Curlers hit the sheets in Red Deer

RED DEER— Tracy Horgan’s team stands out in a field loaded with veterans at the Canadian women’s curling championship.

Ontario skip Tracy Horgan

RED DEER— Tracy Horgan’s team stands out in a field loaded with veterans at the Canadian women’s curling championship.

The Sudbury, Ont., team’s combined experience at a Scotties Tournament of Hearts prior to Saturday’s opening draw was zero. Every other team has one or more curlers with previous appearances in the tournament.

Horgan, third Jennifer Seabrook, second Jenna Enge and lead Amanda Gates showed few rookie nerves in their first game, however.

They defeated Kim Dolan of Prince Edward Island 7-6 in an extra end. Dolan is skipping P.E.I. at the Scotties for the ninth time in her curling career.

“We’re the only fully rookie team here,” agreed Horgan, the youngest skip in the tournament at 25. “We feel like there’s no pressure on us.”

Three of four games in the opening draw were decided in an extra end.

Defending champion Amber Holland had the only team to put the opposition away in less than 11 ends. The Kronau, Sask., foursome defeated Heather Strong of Newfoundland and Labrador 7-4.

Former Canadian and world champion Kelly Scott got by Marie-France Larouche of Quebec 7-6. Kerry Galusha of Yukon and Northwest Territories edged Alberta’s Heather Nedohin 8-7.

The top four teams at the conclusion of the round robin Thursday advance to the Page playoff.

Winning the Ontario women’s championship Jan. 29 in Kenora was a breakout result for Horgan’s team.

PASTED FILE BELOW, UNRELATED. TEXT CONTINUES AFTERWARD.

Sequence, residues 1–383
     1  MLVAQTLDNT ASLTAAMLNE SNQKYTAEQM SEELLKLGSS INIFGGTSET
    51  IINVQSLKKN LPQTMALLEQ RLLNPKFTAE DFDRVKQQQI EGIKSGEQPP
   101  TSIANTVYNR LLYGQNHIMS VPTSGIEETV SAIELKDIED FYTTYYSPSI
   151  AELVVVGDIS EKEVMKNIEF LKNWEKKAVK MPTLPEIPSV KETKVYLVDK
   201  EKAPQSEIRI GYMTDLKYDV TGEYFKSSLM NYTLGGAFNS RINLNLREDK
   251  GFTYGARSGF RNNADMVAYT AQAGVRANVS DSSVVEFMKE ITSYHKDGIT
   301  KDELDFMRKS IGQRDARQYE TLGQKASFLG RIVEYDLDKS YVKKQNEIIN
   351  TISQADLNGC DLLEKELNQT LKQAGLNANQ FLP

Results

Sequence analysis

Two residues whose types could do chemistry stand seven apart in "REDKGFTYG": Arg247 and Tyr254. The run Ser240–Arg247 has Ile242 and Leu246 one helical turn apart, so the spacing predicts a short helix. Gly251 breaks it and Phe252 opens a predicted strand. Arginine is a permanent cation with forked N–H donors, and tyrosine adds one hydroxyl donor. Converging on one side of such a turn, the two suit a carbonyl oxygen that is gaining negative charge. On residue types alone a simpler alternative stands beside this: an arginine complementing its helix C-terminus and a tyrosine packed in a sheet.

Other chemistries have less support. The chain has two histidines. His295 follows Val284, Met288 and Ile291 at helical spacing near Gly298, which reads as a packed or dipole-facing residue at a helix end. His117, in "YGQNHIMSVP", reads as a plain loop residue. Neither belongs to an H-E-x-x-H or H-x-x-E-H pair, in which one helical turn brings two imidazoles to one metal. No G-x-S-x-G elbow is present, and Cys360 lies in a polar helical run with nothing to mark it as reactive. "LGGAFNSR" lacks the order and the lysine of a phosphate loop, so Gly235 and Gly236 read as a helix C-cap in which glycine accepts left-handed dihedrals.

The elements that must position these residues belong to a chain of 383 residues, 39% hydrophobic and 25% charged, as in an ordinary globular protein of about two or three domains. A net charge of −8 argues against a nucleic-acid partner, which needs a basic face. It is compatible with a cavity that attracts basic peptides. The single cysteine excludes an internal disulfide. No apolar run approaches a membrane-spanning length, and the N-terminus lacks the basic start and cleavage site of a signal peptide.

They beat perennial contenders Sherry Middaugh, Krista McCarville and Rachel Homan there. After losing to Homan’s team twice, Horgan beat Homan when it counted — 7-6 in the final to earn their first trip to the Scotties.

Middaugh, McCarville and Homan have all competed in previous Scotties, so the Horgan team feels they belong among the 12 competing for a national championship in Red Deer.

“You have to treat it like it’s any other game and don’t get too caught up in the experience of the field and the names you’re playing,” Horgan said. “Just play the rocks and don’t play the name because there’s a lot of teams here with a lot of experience. (We) just try not to get intimidated by that.”

The Horgan team worked with a sports psychologist for the first time this season. Seabrook, who is Horgan’s older sister, says Nicole Dubuc-Charbonneau has made a difference in their performance.

“Absolutely. I’m a big advocate,” Seabrook said. “We did need someone to kind of bring up our confidence. We were having a hard time beating Sherry Middaugh and Homan and McCarville. This year, we were able to do it all at provincials, which is quite the feat for our team.”

“It was more of a believing in yourself. It’s easy to get intimidated playing these big names. I do think that’s the biggest thing, building our confidence.”

Horgan, 27-year-old Seabrook, 23-year-old Enge and Gates, 25, have represented Northern Ontario at the Canadian junior championship during their careers. Horgan finished just out of the playoffs with seven wins in each of her three national junior appearances.

The Scotties is a significant step up in television and media exposure, as well as far more curling fans in the building. Seabrook says when her team is not on the ice, she watches the pre-game routine of veteran curlers to see what she can learn.

“Off the ice definitely,” Seabrook said. “On the ice, I felt we handled our first game very well with keeping the focus. We have been in a lot of pressure situation games so we could use that experience to our advantage.”

Galusha’s eighth time representing the Territories had a promising start. In addition to beating host team Alberta in the opening draw, Galusha won the Ford Hot Shots sharpshooting contest that kicks off the tournament. Her reward was a two-year lease on car, valued at $10,500.

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